For example, when you look at companies classified as “Tools & Services,” you’ll find everything from a “PDF to EPUB converter” to “Cloud-hosted publishing tools.” “Retail” is any service that brings books from distributors to retailers or retailers to readers. There are about 70 each for “Social” and “Discovery”—based mostly on whether one of those terms appears in the short description of the company.
How Big Is the Book Publishing Startup Business?
The total funds raised by all 900-plus startups is only $945 million. Compare that to the over $50 billion invested by venture capitalists across all sectors in 2015 alone. Only 15 percent of the companies have received funding. And a large chunk of the cash has gone to a handful of companies—Wattpad raised $67 million, Scribd nearly $50 million. If counting just the investments at $10 million or less, only $220 million has been committed. That’s a median investment of just under $1 million for companies that received $10 million or less.
Nearly a third of the companies on my list are no longer in business. Six percent of the companies managed an exit of some sort—they merged or were acquired. Japan’s Rakuten (an Amazon competitor) is the big spender: $330 million to acquire Kobo and $410 million for OverDrive, the library e-book/audiobook supplier.
Why Are so Many Startups Failing?
I realized that “failure” is a loose term when it comes to business. These days, just standing still can be tantamount to failure.
CB Insights pays close attention to this question and notes that “startup death is surprisingly hard to identify. Many startups are essentially dead but limp along for years in zombie-like fashion.” They found that 55 percent of failed startups raised $1 million or less. Of the failures, 71 percent lasted less than two years after their last funding round.
Why are they failing? Analyzing reports of failed startups, CB Insights found that the No. 1 reason was the lack of a market need for their product (42 percent reported) followed by running out of cash (29 percent). More generally, US Bureau of Labor Statistics show that most businesses that fail do so within the first two years (34 percent). After four years, 56 percent have failed.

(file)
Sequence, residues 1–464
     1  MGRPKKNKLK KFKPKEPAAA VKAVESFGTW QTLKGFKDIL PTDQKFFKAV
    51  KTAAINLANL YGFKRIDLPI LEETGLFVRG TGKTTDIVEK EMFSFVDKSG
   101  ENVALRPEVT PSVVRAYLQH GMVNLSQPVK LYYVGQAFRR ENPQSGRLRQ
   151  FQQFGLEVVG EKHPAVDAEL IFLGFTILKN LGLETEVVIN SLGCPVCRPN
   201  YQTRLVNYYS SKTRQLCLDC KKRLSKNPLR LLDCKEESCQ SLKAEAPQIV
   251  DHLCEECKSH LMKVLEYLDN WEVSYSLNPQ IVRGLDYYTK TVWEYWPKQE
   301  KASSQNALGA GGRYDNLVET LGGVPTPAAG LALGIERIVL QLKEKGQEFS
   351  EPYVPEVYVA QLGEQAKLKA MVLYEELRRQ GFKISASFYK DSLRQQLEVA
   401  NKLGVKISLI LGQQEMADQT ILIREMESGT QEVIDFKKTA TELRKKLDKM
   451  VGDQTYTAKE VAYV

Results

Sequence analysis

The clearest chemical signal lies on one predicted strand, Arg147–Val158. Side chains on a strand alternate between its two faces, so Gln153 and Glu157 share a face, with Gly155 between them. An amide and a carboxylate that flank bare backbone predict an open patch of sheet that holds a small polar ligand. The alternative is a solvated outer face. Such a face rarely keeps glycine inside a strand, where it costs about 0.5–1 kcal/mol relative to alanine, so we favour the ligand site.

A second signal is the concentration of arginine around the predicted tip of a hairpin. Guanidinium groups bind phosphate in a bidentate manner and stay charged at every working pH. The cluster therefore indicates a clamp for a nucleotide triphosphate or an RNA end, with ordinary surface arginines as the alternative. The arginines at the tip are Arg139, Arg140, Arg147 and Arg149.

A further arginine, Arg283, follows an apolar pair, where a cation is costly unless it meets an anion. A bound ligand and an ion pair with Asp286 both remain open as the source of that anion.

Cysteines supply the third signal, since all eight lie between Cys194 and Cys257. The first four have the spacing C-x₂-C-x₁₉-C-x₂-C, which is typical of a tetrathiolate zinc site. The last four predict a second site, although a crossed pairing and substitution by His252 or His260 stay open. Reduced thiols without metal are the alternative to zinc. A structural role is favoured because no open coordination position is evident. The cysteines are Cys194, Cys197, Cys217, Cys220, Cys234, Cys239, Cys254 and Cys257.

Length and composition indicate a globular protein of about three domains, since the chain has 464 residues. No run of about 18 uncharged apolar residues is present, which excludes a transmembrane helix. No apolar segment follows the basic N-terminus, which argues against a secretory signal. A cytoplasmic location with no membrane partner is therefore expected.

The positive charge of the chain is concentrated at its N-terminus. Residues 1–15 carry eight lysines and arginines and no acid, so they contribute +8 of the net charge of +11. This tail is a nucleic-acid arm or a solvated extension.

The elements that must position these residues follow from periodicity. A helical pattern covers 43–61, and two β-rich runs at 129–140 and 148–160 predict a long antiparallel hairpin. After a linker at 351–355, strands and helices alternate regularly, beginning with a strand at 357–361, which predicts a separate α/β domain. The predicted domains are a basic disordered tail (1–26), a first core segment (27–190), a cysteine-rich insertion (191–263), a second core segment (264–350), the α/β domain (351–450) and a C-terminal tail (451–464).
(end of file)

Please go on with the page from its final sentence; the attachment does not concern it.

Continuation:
And so the 30 percent failure rate of book publishing startups is lower than industry norms. Something to be proud of?
Where Are Publishing Startups Heading?
It’s not only the traditional publishing industry that’s hit a wall. Self-publishing is slowing down. There are too many authors with too many new books and a backlist that never goes out of print. The demand for great books is solid, but the supply has gone through the roof. In the last year, we’re starting to see more and more reports of authors who are bailing—they just can’t make a living at it.
But I remain optimistic. Literacy rates continue to improve across the developing world. English as a first or second language is spoken by 1.5 billion people. Some 300 million new students study English each year. It’s a goldmine for the next set of startups that help authors and publishers reach out with the words they want to read.
Thad McIlroy is an electronic publishing analyst and author based in San Francisco and Vancouver, British Columbia. His site, The Future of Publishing, provides in-depth coverage on the broad publishing industry. His most recent books are The Metadata Handbook (co-authored with Renée Register) and Mobile Strategies for Digital Publishing. McIlroy provides consulting services to publishing and media companies, including MIT Press, Microsoft, Pearson, and Disney.